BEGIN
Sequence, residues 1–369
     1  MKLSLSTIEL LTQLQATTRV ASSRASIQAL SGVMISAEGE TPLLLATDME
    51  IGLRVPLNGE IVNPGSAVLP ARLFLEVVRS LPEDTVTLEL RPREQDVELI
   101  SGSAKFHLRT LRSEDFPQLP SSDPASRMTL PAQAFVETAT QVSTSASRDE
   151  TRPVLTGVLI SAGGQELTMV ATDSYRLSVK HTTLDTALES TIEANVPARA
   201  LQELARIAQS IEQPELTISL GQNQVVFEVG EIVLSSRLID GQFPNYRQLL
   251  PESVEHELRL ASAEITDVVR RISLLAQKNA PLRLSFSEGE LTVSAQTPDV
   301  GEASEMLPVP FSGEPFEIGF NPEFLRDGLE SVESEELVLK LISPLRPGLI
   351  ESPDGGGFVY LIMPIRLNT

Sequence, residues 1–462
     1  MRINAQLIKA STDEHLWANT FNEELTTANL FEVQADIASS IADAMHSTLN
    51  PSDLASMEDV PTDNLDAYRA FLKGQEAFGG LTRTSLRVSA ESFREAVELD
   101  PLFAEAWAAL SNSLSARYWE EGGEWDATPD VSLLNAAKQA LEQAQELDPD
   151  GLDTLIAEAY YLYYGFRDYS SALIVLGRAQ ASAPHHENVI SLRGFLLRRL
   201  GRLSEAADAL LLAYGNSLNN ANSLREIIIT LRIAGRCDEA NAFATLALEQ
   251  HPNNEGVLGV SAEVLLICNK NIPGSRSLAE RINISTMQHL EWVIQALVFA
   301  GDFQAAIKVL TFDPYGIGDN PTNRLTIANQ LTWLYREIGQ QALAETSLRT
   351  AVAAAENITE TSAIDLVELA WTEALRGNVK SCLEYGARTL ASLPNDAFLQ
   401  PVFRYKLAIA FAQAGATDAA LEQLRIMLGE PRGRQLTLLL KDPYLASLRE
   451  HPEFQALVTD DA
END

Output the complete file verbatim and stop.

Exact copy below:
Sequence, residues 1–369
     1  MKLSLSTIEL LTQLQATTRV ASSRASIQAL SGVMISAEGE TPLLLATDME
    51  IGLRVPLNGE IVNPGSAVLP ARLFLEVVRS LPEDTVTLEL RPREQDVELI
   101  SGSAKFHLRT LRSEDFPQLP SSDPASRMTL PAQAFVETAT QVSTSASRDE
   151  TRPVLTGVLI SAGGQELTMV ATDSYRLSVK HTTLDTALES TIEANVPARA
   201  LQELARIAQS IEQPELTISL GQNQVVFEVG EIVLSSRLID GQFPNYRQLL
   251  PESVEHELRL ASAEITDVVR RISLLAQKNA PLRLSFSEGE LTVSAQTPDV
   301  GEASEMLPVP FSGEPFEIGF NPEFLRDGLE SVESEELVLK LISPLRPGLI
   351  ESPDGGGFVY LIMPIRLNT

Sequence, residues 1–462
     1  MRINAQLIKA STDEHLWANT FNEELTTANL FEVQADIASS IADAMHSTLN
    51  PSDLASMEDV PTDNLDAYRA FLKGQEAFGG LTRTSLRVSA ESFREAVELD
   101  PLFAEAWAAL SNSLSARYWE EGGEWDATPD VSLLNAAKQA LEQAQELDPD
   151  GLDTLIAEAY YLYYGFRDYS SALIVLGRAQ ASAPHHENVI SLRGFLLRRL
   201  GRLSEAADAL LLAYGNSLNN ANSLREIIIT LRIAGRCDEA NAFATLALEQ
   251  HPNNEGVLGV SAEVLLICNK NIPGSRSLAE RINISTMQHL EWVIQALVFA
   301  GDFQAAIKVL TFDPYGIGDN PTNRLTIANQ LTWLYREIGQ QALAETSLRT
   351  AVAAAENITE TSAIDLVELA WTEALRGNVK SCLEYGARTL ASLPNDAFLQ
   401  PVFRYKLAIA FAQAGATDAA LEQLRIMLGE PRGRQLTLLL KDPYLASLRE
   451  HPEFQALVTD DA